Perhaps the most fascinating story that links these plants to the people of Namaqualand is the legend of the halfmens. It is believed that these trees are half human, half plant, which is easy to understand, for when seen in the a distance against the skyline, they could easily be mistaken for humans especially when in groups of adults and young ones. Nama folklore provides a delightful explanation for the tilting of the halfmens : a tribe which once occupied a more forgiving part of southern Namibia was driven southwards after a long and bloody conflict. Eventually its members, found themselves fleeing to the Richtersveld, a forsaken mountain desert with a fiercely broken landscape that must have been created by the gods in a moment of rage. Overcome by grief and longing for their homeland, a few among the tribe paused to gaze northward for the last time. The gods took pity on these wretched souls and turned them into half humans or halfmens in order to comfort them with a distant view of their lost homeland for eternity (Cowling & Pierce 1999).

Unlike some other plants from the Richtersveld and northern Namaqualand, Pachypodium namaquanum does not do well at all away from its their natural environment. Although seeds germinate readily, it is not advisable to cultivate plants in gardens. They are also not common in cultivation as the plants are protected by conservation law.

Tree in habitat

Growing Pachypodium namaquanum

Pachypodium namaquanum grows easily from seeds as long as seeds are fresh and without signs of parasitism. The silky-haired parachutes are removed prior to sowing. Seeds can be sown in the summer using a mixture of river sand and sifted compost or bark at a ratio of 1:1. After germination, care should be taken not to overwater as this encourages rot and fungal infestations. Keep plants well ventilated, in good light and dry plants out in the dormant season which is summer (Oct. to March).

Pachypodium namaquanum can also be grown from cuttings although success is not always guaranteed. Cuttings also take an extremely long time to show active growth. Cuttings should be taken in the period just before the growing season starts. The apex (tip of the shoot or leaf) of the stem which contains actively dividing cells is used and the wound is treated with a fungicide or flowers of sulphur and then left to dry for at least two weeks. Cuttings are inserted vertically into a well-drained, sandy medium. The same medium used for germinating seeds can be used for cuttings. Cuttings are kept in a hot well-lit and ventilated area and watered sparingly in the winter months; once a week should be more than enough.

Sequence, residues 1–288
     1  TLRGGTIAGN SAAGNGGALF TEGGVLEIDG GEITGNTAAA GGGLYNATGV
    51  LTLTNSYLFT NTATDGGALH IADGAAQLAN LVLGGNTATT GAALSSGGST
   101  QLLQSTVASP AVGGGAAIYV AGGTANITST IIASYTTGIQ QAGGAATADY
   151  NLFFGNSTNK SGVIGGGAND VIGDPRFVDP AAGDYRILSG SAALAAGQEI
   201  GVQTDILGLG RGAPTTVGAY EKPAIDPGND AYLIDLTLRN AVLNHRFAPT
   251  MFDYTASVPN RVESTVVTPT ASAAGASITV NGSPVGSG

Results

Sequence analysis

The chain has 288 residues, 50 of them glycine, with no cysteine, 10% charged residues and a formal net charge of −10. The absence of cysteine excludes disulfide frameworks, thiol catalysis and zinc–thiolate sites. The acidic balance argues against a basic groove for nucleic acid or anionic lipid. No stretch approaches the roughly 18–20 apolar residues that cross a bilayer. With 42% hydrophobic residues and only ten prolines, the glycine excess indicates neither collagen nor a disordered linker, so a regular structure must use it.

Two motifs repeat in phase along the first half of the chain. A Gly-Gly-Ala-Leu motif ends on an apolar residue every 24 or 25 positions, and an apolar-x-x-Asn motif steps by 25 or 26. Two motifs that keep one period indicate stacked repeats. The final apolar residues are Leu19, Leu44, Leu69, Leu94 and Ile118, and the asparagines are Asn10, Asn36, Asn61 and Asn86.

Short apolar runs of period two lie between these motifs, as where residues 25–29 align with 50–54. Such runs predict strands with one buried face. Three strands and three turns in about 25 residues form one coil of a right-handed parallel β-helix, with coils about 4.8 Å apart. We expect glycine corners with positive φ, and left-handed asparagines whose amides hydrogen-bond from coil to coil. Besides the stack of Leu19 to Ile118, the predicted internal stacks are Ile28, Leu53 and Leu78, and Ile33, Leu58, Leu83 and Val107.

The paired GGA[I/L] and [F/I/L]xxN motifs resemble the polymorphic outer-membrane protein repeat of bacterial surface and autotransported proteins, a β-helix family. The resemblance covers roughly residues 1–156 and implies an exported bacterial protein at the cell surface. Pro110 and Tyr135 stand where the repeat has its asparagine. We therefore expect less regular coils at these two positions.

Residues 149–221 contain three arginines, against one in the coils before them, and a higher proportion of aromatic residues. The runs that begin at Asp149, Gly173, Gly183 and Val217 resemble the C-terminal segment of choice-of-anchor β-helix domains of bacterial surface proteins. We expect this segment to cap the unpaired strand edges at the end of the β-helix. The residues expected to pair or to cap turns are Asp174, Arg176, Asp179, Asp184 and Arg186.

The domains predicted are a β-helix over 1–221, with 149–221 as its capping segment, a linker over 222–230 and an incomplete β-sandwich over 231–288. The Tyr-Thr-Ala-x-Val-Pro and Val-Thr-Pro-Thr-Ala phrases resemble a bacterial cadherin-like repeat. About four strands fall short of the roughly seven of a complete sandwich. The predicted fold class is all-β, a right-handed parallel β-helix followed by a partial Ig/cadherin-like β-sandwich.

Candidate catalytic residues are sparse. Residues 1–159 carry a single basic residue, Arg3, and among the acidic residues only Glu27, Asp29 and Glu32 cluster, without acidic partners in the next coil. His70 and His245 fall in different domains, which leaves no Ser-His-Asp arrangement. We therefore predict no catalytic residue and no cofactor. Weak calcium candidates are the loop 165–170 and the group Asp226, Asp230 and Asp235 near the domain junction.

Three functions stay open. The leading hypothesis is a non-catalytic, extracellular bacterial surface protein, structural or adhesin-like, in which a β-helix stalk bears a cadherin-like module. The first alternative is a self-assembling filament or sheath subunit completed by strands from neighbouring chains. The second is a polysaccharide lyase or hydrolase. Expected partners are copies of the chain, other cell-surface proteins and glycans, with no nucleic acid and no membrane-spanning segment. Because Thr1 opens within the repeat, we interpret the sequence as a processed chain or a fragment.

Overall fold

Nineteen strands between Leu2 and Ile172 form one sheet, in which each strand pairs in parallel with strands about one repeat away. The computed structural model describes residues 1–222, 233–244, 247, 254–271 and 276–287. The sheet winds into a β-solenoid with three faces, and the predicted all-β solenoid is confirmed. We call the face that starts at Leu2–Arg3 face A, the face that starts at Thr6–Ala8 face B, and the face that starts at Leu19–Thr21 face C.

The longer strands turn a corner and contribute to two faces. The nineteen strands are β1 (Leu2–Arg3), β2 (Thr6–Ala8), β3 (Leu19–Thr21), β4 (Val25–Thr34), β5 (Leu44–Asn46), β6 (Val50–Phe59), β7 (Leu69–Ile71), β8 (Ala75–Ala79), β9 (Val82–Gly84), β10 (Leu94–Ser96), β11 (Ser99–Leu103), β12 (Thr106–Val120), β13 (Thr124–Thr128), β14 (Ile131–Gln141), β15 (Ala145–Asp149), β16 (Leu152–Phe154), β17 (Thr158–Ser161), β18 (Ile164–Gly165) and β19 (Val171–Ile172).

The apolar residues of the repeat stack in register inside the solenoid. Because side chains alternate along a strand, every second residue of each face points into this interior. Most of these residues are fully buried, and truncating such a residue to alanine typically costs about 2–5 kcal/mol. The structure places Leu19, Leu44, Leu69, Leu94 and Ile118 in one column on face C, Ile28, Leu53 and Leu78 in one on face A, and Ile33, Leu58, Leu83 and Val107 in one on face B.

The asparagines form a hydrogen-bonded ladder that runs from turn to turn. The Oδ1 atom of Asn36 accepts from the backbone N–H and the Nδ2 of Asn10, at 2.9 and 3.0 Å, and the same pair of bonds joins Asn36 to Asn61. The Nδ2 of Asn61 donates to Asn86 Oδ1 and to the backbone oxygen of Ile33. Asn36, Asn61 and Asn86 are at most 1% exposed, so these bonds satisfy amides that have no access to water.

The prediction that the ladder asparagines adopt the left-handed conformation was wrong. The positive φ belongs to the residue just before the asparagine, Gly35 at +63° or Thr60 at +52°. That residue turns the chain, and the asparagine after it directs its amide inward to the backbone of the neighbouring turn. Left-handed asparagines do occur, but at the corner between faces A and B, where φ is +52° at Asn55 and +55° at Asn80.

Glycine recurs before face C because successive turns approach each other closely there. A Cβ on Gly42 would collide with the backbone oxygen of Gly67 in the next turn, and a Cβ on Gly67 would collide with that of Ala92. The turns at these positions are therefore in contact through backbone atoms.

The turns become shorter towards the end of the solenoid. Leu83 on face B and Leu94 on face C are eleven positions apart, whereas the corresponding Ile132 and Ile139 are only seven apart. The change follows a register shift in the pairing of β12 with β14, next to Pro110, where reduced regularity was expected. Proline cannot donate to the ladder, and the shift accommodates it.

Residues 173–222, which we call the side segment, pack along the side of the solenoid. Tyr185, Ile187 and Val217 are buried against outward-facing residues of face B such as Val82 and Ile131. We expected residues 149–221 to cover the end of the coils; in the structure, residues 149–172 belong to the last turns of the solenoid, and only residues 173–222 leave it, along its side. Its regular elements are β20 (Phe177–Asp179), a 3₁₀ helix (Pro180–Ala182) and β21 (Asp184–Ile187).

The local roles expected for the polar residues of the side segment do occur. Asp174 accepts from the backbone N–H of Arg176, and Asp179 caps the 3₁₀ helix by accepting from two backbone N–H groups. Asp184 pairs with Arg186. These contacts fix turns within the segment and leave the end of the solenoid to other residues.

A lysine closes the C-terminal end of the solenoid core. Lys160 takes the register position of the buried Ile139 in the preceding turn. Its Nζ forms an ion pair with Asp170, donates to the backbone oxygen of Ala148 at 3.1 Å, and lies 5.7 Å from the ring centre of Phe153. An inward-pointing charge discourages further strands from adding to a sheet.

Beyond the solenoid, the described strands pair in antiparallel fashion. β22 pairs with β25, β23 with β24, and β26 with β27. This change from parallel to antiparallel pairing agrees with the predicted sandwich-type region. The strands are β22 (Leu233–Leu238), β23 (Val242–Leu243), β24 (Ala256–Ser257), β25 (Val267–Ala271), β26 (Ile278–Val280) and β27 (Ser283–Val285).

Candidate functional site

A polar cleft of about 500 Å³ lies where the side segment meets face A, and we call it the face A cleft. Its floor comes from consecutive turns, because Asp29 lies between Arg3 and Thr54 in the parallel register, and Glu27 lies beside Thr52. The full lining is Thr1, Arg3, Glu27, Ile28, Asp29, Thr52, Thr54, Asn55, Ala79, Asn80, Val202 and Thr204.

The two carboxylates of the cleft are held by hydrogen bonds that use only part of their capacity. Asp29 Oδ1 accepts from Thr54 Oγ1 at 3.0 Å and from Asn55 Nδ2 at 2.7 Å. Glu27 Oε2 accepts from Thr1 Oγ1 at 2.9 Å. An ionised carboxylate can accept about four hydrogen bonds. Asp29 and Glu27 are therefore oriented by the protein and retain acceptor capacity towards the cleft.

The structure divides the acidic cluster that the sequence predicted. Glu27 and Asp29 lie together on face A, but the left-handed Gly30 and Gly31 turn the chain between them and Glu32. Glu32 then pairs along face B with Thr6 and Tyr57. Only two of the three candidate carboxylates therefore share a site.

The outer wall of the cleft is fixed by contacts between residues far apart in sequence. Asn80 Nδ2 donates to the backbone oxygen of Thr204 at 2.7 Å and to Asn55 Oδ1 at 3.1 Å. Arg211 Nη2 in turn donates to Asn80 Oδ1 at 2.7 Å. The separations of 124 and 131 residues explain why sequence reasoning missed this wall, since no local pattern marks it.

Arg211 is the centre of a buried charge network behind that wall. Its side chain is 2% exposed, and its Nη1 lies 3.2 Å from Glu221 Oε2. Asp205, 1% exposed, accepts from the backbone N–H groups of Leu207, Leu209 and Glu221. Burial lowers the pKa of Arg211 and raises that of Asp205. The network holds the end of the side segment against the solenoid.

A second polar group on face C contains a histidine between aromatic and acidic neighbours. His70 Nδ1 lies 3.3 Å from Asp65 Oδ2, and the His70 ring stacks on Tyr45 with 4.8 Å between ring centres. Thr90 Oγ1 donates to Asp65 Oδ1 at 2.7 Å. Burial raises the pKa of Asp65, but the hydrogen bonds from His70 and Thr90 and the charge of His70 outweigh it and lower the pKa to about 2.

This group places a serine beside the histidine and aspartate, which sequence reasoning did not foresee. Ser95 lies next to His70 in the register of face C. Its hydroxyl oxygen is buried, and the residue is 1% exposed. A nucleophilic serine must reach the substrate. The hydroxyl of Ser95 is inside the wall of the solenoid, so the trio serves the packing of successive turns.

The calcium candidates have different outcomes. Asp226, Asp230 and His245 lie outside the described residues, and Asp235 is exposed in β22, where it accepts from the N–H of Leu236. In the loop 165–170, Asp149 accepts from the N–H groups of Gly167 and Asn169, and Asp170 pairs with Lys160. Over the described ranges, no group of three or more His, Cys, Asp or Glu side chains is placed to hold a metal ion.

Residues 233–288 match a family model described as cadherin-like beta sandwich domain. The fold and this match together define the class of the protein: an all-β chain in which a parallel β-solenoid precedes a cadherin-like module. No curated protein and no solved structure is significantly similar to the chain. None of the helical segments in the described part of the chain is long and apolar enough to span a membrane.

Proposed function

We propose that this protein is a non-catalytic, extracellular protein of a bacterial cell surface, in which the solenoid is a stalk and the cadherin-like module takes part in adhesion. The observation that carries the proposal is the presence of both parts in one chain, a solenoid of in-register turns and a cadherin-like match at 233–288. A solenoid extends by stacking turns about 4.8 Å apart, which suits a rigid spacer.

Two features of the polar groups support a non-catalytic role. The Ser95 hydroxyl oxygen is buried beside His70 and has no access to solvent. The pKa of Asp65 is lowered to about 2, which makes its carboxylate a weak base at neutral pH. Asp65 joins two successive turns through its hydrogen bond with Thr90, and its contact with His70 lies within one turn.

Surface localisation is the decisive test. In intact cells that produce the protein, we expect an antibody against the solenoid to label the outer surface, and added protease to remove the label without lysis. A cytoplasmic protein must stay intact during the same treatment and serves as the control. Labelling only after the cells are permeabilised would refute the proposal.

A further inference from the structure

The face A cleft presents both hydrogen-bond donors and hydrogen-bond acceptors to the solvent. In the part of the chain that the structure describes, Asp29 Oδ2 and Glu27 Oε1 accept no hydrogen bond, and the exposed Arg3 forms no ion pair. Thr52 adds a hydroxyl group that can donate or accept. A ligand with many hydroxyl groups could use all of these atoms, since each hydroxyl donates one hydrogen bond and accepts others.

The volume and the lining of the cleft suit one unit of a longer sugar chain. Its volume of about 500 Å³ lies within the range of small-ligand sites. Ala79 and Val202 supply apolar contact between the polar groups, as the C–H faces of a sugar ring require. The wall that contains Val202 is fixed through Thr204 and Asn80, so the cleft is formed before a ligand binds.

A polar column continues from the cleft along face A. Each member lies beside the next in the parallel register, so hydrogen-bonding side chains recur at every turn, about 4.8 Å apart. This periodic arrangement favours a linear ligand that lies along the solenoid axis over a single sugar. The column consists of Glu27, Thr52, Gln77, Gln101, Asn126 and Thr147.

Plants in cultivation at the Karoo Desert National Botanic Garden and the Kirstenbosch succulent collection seem to benefit greatly from organically derived fertilizers. Plants in the succulent collection at Kirstenbosch are provided with additional heat by means of heat cables that are buried in the soil. It is inevitable that these plants will require this essential heating in northern hemisphere countries and be sheltered from the colder wet weather.

References and further reading

  • Coates Palgrave, M. 2002. Keith Coates Palgrave Trees of southern Africa , edn 3. Struik, Cape Town.
  • Court, D. 1981. Succulent flora of southern Africa. Balkema, Cape Town.
  • Cowling, R. & Pierce, S. 1999. Namaqualand , a succulent desert. Fernwood Press, Cape Town.
  • Germhuizen, G. & Meyer, N.L. (eds). 2003. Plants of southern Africa : an annotated checklist. Strelitzia 14. National Botanical Institute, Pretoria.
  • Golding, J. 2002. Southern African plant Red Data List. SABONET, Pretoria.
  • Jackson , W.P.U. 1990. Origins and meanings of South African plant genera. University of Cape Town Ecolab.
  • Leistner, O.A. 2005. Seed plants of southern tropical Africa : families and genera. SABONET, Pretoria.
  • Nichols, G. 2005. Growing rare plants. Southern African Botanical Diversity Network Report No. 36. SABONET, Pretoria.
  • National Botanic Gardens of South Africa , 1980. Wild Flowers of South Africa , Cape Town , Struik
  • Smith , C.A. 1966. Common names of South African plants. Memoirs of the Botanical Survey of South Africa No. 35.
  • Stearn, W.T. 2003. Stearn's dictionary of plant names for the gardener. Cassel , UK.
  • Van Jaarsveld, E., Van Wyk, B-E. & Smith, G. 2000. Succulents of South Africa. Tafelberg, Cape Town.
  • Van Wyk, A. & Smith, G. 2001. Regions of floristic endemism. Umdaus Press, Hatfield, Pretoria.
  • Van Wyk, A.E. (Braam) & Van Wyk, P. 2000. Trees of southern Africa. Briza Publications, Pretoria.
  • Van Wyk, B-E. & Gericke, N. 2000. People's plants. A guide to useful plants of southern Africa. Briza Publications, Pretoria.
  • Williamson, G. 2000. Richtersveld, the enchanted wilderness. Umdaus Press, Hatfield, Pretoria.

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Werner Voigt and Olivia Pekeur